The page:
Shortly after her death, Cunard’s case was taken up by her champion Hugh Ford, whose excellent Festschrift, Nancy Cunard: Brave Poet, Indomitable Rebel, 1896-1965, remains the best source for much of what has been written about her since. Ford also shepherded Negro back into print in 1970. The original massive, eight-pound volume–855 oversized pages–had printing costs no publisher would cover, and Cunard, who refused to cut the book, paid for it with her own dwindling funds (her family had largely cut her off) and with proceeds from slander suits against racist press coverage of her activities in Harlem. Ford’s edition omits roughly half of the book’s contributions, which is a pity: Without Cunard’s ambitious disarray, it is hard to see what she was after.

Why would a wealthy heiress risk her money and name on a venture that everyone predicted would fail–including her black lover, Henry Crowder, to whom Cunard dedicated the book? Cunard’s biographers have tended to interpret her audacity in psychological terms–a reading that Cunard inadvertently encouraged by her refusal, or inability, to separate her personal life from her politics. Even many of her closest friends were appalled, for example, by her public denunciation of her mother as a racist–“Her Ladyship’s own snobbery is quite simple…. It is a stultifying hypocrisy“–and by her suggestion that Lady Cunard attend one of the “choicer lynchings” in the “cracker southern states of U.S.A.” Ford suggests that the answer goes back to Cunard’s background. His introduction to the edited Negro describes a childhood dream of Cunard’s in which she danced around an African fire to the beat of tom-toms and also a troubling story, possibly apocryphal, in which a young black man offers to pay Cunard for a “small kindness.” Her reply: “I am your mother. There is no payment due.”

Whether or not Cunard actually made this outrageous remark, it’s just the kind of thing that, understandably, leads people to dismiss her. Even Ford, who acknowledges the complexity of accounting for Cunard’s choices and for the pleasures they gave her, leaves us with the impression that her commitment to black causes was compensation for bad parenting, the creation of an imaginary–even delusional–family to replace her unfulfilling one.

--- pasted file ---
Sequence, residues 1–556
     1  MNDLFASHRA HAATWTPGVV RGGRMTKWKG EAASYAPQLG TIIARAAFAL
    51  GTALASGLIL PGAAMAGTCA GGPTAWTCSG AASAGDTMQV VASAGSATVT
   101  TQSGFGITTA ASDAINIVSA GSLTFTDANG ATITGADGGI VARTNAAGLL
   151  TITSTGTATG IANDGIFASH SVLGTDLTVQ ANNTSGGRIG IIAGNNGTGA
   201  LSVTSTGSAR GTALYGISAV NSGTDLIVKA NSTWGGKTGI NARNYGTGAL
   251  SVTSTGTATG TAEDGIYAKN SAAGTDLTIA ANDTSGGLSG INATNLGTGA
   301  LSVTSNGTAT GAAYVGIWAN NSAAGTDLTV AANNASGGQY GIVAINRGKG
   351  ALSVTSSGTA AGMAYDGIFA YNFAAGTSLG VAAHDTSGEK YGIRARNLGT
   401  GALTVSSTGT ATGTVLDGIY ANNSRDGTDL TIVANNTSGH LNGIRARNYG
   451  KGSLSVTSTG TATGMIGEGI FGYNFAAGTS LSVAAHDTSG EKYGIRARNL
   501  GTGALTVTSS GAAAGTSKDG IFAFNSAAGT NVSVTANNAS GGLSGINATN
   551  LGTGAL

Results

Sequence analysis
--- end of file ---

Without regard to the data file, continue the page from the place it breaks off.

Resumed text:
Gordon, to her credit, sets out to defend Cunard, to separate the person from the legend, to avoid getting sidetracked or seduced, to seriously reassess the political and artistic contributions. But by the time we’ve gotten through Cunard’s childhood, it’s probably already too late. The very myth that Gordon seeks to debunk is already reasserting itself.

Cunard grew up the only child of mismatched parents who left her care in the hands of the many servants employed at Nevill Holt, the 13,000-acre thirteenth-century Cunard family estate, which resembled an entire English village and is said to have occupied more square footage than the New York Public Library. Her father, Bache Cunard, was an apolitical and mostly antisocial man who eschewed family lineage and the family’s shipping business to pursue his passion for decorative metalsmithing, much like the obsessive Colonel Aureliano Buendía in García Márquez’s One Hundred Years of Solitude. Bache Cunard could hardly have been more unlike his wife, Maud Burke, a wealthy San Franciscan; the $2 million dowry that she paid for the title “Lady” would be roughly equivalent to $500 million today. Lady Cunard’s passions were for society. Her ambition, handily achieved, was to become one of England’s most celebrated hostesses.